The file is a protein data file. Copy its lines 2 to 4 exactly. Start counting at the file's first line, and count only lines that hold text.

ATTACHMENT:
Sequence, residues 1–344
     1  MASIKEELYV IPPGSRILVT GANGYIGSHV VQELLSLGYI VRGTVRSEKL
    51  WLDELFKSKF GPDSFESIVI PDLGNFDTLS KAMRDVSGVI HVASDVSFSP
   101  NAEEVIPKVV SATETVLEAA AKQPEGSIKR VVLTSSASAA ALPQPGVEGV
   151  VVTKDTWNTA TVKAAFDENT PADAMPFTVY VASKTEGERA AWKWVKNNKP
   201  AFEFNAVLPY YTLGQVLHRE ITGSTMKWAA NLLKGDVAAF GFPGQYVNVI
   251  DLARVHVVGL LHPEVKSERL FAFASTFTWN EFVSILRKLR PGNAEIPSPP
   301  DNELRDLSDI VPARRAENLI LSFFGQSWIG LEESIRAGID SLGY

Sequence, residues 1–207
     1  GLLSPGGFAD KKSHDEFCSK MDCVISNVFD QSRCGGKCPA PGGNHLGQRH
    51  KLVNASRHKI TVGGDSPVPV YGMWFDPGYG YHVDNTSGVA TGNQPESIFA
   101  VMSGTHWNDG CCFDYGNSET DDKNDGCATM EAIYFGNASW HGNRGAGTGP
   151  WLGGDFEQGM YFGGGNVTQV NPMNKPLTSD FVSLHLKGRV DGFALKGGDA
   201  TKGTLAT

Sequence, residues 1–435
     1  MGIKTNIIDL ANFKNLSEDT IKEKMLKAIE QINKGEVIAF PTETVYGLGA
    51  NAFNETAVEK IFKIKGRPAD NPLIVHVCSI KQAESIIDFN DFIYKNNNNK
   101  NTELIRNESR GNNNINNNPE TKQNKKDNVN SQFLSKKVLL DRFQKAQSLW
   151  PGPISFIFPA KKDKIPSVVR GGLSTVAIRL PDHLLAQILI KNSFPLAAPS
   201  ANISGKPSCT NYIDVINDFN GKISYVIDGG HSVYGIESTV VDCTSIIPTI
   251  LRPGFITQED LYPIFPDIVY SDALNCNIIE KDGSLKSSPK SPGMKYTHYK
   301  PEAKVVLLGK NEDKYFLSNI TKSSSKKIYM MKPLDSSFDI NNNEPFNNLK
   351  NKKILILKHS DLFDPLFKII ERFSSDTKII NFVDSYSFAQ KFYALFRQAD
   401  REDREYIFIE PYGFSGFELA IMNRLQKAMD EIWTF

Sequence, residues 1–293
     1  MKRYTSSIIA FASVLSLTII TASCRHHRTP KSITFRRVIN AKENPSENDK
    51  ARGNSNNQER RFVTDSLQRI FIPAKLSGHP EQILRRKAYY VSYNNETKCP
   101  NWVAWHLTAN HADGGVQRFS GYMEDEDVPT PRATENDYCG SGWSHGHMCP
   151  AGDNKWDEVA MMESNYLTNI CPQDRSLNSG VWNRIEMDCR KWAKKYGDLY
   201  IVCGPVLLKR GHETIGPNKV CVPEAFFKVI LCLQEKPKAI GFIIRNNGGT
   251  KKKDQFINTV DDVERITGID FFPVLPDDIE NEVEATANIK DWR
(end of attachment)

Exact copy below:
     1  MASIKEELYV IPPGSRILVT GANGYIGSHV VQELLSLGYI VRGTVRSEKL
    51  WLDELFKSKF GPDSFESIVI PDLGNFDTLS KAMRDVSGVI HVASDVSFSP
   101  NAEEVIPKVV SATETVLEAA AKQPEGSIKR VVLTSSASAA ALPQPGVEGV